The European Space Agency’s (ESA) ministerial council has agreed to increase its mandatory science spending by 2.5% a year until 2010, but delayed a decision to co-operate on Russia’s Kliper spacecraft.
The 2006-2010 budget meeting, held in Berlin on 5-6 December, allocated €3.1 billion ($3.6 billion) to the science programmes, restoring their buying power, which had been whittled away by inflation.
But the agency dealt a blow to co-operation hopes for Russia’s reusable spacecraft. Of its 17 member states, only Denmark, Belgium and the Netherlands provided money for Kliper, totalling €8 million.
ESA required €30 million from member states, to start what had been proposed as a two-year, €50 million project. “We will keep the money of the states that have contributed. The decision has been postponed by several months. It has never been an important issue for ministers. Launchers and the ISS [International Space Station] were the important issues,” says ESA human spaceflight, exploration and microgravity director Daniel Sacotte.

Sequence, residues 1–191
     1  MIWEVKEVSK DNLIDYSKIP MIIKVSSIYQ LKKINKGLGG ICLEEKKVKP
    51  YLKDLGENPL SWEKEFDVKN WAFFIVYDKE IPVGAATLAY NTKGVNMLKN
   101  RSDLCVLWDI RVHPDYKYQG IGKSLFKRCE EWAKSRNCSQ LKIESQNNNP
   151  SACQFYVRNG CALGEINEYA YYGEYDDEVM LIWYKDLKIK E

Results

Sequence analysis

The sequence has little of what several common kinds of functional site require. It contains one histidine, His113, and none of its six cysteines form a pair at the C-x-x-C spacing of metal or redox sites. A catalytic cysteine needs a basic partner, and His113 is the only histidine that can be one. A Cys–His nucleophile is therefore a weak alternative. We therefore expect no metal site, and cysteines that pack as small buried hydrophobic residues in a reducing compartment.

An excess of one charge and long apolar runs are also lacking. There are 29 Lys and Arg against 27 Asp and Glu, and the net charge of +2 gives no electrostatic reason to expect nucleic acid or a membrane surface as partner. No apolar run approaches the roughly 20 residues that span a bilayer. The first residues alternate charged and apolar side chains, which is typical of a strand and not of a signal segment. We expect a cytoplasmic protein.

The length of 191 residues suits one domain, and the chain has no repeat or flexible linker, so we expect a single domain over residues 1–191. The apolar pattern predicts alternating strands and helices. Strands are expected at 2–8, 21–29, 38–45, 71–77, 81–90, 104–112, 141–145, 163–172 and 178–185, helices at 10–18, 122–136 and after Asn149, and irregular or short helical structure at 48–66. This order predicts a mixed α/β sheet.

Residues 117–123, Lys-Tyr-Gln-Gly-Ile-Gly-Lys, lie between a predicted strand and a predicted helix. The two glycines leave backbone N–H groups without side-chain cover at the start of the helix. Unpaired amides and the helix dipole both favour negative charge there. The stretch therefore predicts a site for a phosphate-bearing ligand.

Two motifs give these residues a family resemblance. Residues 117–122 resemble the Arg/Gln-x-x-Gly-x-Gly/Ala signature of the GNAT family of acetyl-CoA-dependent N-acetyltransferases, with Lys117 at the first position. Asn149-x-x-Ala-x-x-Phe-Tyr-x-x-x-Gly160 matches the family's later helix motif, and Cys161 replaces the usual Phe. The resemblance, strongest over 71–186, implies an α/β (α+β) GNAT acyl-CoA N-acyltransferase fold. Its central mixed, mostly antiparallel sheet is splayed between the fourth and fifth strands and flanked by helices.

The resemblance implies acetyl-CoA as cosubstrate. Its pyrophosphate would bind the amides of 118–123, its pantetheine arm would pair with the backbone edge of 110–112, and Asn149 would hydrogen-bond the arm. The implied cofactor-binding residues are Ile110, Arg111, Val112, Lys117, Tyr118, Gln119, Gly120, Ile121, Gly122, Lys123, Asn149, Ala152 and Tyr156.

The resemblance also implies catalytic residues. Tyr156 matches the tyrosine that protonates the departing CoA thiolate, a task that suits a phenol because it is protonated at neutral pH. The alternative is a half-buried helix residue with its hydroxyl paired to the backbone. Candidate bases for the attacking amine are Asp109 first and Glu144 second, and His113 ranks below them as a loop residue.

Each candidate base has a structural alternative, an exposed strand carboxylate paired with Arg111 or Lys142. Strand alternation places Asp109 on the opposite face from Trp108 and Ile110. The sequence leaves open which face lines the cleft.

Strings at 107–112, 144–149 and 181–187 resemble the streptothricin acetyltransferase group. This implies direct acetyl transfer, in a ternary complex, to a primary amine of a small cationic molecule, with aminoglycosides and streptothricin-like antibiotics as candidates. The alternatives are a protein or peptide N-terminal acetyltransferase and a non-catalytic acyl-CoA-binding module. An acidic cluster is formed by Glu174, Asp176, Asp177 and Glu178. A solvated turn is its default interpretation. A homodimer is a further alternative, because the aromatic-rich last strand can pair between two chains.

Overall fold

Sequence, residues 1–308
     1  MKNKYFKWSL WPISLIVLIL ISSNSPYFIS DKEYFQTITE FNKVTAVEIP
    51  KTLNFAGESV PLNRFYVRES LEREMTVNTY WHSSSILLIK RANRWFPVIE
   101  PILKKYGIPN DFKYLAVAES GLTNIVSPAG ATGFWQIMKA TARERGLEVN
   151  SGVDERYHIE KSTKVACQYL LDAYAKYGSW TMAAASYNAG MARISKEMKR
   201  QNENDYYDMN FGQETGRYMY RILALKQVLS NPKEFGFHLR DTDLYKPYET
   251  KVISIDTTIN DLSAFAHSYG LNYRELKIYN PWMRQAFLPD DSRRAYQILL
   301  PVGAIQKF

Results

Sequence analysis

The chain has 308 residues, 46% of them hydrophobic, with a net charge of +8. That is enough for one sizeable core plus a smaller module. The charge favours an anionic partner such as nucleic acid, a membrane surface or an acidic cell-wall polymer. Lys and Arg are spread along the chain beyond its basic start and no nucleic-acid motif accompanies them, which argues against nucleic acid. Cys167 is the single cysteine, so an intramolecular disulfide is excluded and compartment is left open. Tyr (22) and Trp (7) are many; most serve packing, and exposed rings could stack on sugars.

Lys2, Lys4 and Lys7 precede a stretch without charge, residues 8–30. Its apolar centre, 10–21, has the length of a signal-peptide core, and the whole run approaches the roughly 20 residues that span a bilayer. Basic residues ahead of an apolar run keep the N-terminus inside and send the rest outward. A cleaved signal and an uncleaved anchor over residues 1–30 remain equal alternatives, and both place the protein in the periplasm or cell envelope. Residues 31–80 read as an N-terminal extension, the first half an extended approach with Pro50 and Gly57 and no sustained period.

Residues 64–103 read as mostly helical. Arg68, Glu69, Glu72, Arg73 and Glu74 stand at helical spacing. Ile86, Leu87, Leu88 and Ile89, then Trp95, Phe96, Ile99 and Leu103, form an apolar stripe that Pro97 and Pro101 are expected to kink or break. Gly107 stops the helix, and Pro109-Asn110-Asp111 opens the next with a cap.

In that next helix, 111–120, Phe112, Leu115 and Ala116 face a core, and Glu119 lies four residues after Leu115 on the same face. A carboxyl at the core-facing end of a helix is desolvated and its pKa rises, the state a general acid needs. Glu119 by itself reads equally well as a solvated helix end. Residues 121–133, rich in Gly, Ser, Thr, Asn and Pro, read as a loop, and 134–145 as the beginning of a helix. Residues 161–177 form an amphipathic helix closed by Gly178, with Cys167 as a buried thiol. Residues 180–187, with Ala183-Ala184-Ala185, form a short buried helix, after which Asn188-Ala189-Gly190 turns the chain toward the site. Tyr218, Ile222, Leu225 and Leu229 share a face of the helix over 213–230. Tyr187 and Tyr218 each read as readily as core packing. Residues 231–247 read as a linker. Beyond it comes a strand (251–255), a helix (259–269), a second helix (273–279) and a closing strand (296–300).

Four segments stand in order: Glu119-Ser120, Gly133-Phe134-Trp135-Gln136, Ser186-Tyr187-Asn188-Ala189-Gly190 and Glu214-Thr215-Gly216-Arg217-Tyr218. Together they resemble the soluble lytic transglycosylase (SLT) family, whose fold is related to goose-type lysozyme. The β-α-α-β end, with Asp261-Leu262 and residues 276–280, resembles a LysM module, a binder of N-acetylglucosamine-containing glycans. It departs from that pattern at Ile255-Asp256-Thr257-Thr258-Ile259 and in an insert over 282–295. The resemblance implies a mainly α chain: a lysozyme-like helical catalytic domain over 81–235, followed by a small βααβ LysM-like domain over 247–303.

The meeting approved budgets for new programmes or those that needed to be renewed. ESA’s proposed budget for 2006-10 was €8.4 billion, but the ministers approved only €8.25 billion. Although this equates to €2.06 billion a year, the inclusion of ongoing approved programmes means the agency´s annual budget will remain at about €3 billion.
The ministers also agreed to make the European Ariane 5 and Vega launchers and French Guiana-launched Soyuz the first choice for ESA payloads.
ROB COPPINGER / BERLIN